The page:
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dc.contributor.authorHohler, Anna D.en_US
dc.contributor.authorTsao, Jyeming M.en_US
dc.contributor.authorKatz, Douglas I.en_US
dc.contributor.authorDipiero, T. Joyen_US
dc.contributor.authorHehl, Christina L.en_US
dc.contributor.authorLeonard, Alissaen_US
dc.contributor.authorAllen, Valerieen_US
dc.contributor.authorGardner, Mauraen_US
dc.contributor.authorPhenix, Heidien_US
dc.contributor.authorSaint-Hilaire, Marieen_US
dc.contributor.authorEllis, Terryen_US
dc.coverage.spatialUnited Statesen_US
dc.date2011-09-17
dc.date.accessioned2018-06-12T19:42:24Z
dc.date.available2018-06-12T19:42:24Z
dc.date.issued2012
dc.identifierhttps://www.ncbi.nlm.nih.gov/pubmed/22135763
dc.identifier.citationAnna D Hohler, Jyeming M Tsao, Douglas I Katz, T Joy Dipiero, Christina L Hehl, Alissa Leonard, Valerie Allen, Maura Gardner, Heidi Phenix, Marie Saint-Hilaire, Terry Ellis. 2012. "Effectiveness of an inpatient movement disorders program for patients with atypical parkinsonism.." Parkinson's Disease, Volume 2012:871974.
dc.identifier.issn2042-0080
dc.identifier.urihttps://hdl.handle.net/2144/29283
dc.description.abstractThis paper investigated the effectiveness of an inpatient movement disorders program for patients with atypical parkinsonism, who typically respond poorly to pharmacologic intervention and are challenging to rehabilitate as outpatients. Ninety-one patients with atypical parkinsonism participated in an inpatient movement disorders program. Patients received physical, occupational, and speech therapy for 3 hours/day, 5 to 7 days/week, and pharmacologic adjustments based on daily observation and data. Differences between admission and discharge scores were analyzed for the functional independence measure (FIM), timed up and go test (TUG), two-minute walk test (TMW), Berg balance scale (BBS) and finger tapping test (FT), and all showed significant improvement on discharge (P > .001). Clinically significant improvements in total FIM score were evident in 74% of the patients. Results were similar for ten patients whose medications were not adjusted. Patients with atypical parkinsonism benefit from an inpatient interdisciplinary movement disorders program to improve functional status.en_US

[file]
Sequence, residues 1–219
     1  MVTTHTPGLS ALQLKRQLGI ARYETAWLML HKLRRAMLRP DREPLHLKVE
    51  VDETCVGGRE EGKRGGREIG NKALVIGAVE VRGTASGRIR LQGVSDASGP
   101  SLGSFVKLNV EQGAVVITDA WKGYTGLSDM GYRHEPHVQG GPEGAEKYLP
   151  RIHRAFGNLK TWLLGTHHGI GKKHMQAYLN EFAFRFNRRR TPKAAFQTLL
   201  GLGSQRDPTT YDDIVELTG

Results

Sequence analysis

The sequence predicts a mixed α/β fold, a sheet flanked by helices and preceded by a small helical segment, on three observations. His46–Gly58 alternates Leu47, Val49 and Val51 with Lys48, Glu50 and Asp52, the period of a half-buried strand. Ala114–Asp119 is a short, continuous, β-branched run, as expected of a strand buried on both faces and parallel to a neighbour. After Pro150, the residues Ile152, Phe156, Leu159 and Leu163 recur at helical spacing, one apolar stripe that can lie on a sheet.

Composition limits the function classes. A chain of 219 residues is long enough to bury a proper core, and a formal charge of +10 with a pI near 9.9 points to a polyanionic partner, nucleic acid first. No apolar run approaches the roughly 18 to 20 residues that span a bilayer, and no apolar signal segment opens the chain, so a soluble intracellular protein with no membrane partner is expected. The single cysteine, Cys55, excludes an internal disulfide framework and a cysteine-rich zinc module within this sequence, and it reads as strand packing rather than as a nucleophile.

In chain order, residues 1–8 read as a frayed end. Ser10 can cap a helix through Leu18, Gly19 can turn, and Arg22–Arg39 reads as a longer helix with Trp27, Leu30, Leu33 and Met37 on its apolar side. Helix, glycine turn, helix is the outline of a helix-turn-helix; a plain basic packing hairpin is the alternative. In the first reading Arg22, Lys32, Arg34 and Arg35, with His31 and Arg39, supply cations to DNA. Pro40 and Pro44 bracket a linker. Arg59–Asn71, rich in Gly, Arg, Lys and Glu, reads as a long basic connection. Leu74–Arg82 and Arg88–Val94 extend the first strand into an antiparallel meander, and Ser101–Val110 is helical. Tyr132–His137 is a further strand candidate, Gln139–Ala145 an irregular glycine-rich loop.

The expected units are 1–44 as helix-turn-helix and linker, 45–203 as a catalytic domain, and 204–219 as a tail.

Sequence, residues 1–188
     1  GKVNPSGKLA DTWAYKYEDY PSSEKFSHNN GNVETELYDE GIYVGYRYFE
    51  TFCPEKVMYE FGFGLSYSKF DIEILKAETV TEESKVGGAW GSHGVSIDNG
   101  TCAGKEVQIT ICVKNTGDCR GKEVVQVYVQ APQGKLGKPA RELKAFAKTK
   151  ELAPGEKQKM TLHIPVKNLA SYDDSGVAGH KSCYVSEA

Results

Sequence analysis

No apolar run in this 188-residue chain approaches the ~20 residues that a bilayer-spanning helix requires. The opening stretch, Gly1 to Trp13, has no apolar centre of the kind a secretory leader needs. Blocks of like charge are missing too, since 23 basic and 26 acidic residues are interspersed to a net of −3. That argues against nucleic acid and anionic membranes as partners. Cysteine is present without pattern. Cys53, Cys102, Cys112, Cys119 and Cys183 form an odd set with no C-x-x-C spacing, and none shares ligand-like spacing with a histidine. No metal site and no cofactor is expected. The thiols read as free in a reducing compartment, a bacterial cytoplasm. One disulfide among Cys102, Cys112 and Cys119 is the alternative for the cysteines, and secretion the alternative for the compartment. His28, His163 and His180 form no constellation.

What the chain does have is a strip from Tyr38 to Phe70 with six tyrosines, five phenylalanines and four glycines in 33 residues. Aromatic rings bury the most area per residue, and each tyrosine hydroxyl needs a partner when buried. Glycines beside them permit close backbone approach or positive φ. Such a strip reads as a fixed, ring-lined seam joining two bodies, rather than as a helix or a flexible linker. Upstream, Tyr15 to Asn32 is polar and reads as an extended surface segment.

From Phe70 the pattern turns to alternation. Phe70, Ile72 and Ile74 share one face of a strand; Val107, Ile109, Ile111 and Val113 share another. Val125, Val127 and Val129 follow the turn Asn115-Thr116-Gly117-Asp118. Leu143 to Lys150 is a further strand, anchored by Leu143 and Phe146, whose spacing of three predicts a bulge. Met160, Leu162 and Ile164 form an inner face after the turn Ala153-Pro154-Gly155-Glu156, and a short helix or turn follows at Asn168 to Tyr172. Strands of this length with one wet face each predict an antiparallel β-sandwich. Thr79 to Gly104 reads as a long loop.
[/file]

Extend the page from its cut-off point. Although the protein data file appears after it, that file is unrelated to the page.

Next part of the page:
dc.format.extent871974en_US
dc.languageeng
dc.relation.ispartofParkinsons Dis
dc.rightsCopyright © 2012 Anna D. Hohler et al. This is an open access article distributed under the Creative Commons Attribution License, which permits unrestricted use, distribution, and reproduction in any medium, provided the original work is properly cited.en_US
dc.rights.urihttp://creativecommons.org/licenses/by/3.0/
dc.subjectScience & technologyen_US
dc.subjectLife sciences & biomedicineen_US
dc.subjectClinical neurologyen_US
dc.subjectNeurosciences & neurologyen_US
dc.subjectProgressive supranuclear palsyen_US
dc.subjectMultiple system atrophyen_US
dc.subjectBerg Balance Scaleen_US
dc.subjectPhysical therapyen_US
dc.subjectCorticobasal degenerationen_US
dc.subjectClinical trialen_US
dc.subjectAtypical parkinsonismen_US
dc.titleEffectiveness of an inpatient movement disorders program for patients with atypical parkinsonismen_US
dc.typeArticleen_US
dc.identifier.doi10.1155/2012/871974
pubs.elements-sourcepubmeden_US
pubs.notesEmbargo: Not knownen_US
pubs.organisational-groupBoston Universityen_US
pubs.organisational-groupBoston University, College of Health & Rehabilitation Sciences: Sargent Collegeen_US
pubs.organisational-groupBoston University, College of Health & Rehabilitation Sciences: Sargent College, Physical Therapy and Athletic Trainingen_US
pubs.organisational-groupBoston University, School of Medicineen_US
pubs.publication-statusPublisheden_US


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Copyright © 2012 Anna D. Hohler et al. This is an open access article distributed under the Creative Commons Attribution License, which permits unrestricted use, distribution, and reproduction in any medium, provided the original work is properly cited.
Except where otherwise noted, this item's license is described as Copyright © 2012 Anna D. Hohler et al. This is an open access article distributed under the Creative Commons Attribution License, which permits unrestricted use, distribution, and reproduction in any medium, provided the original work is properly cited.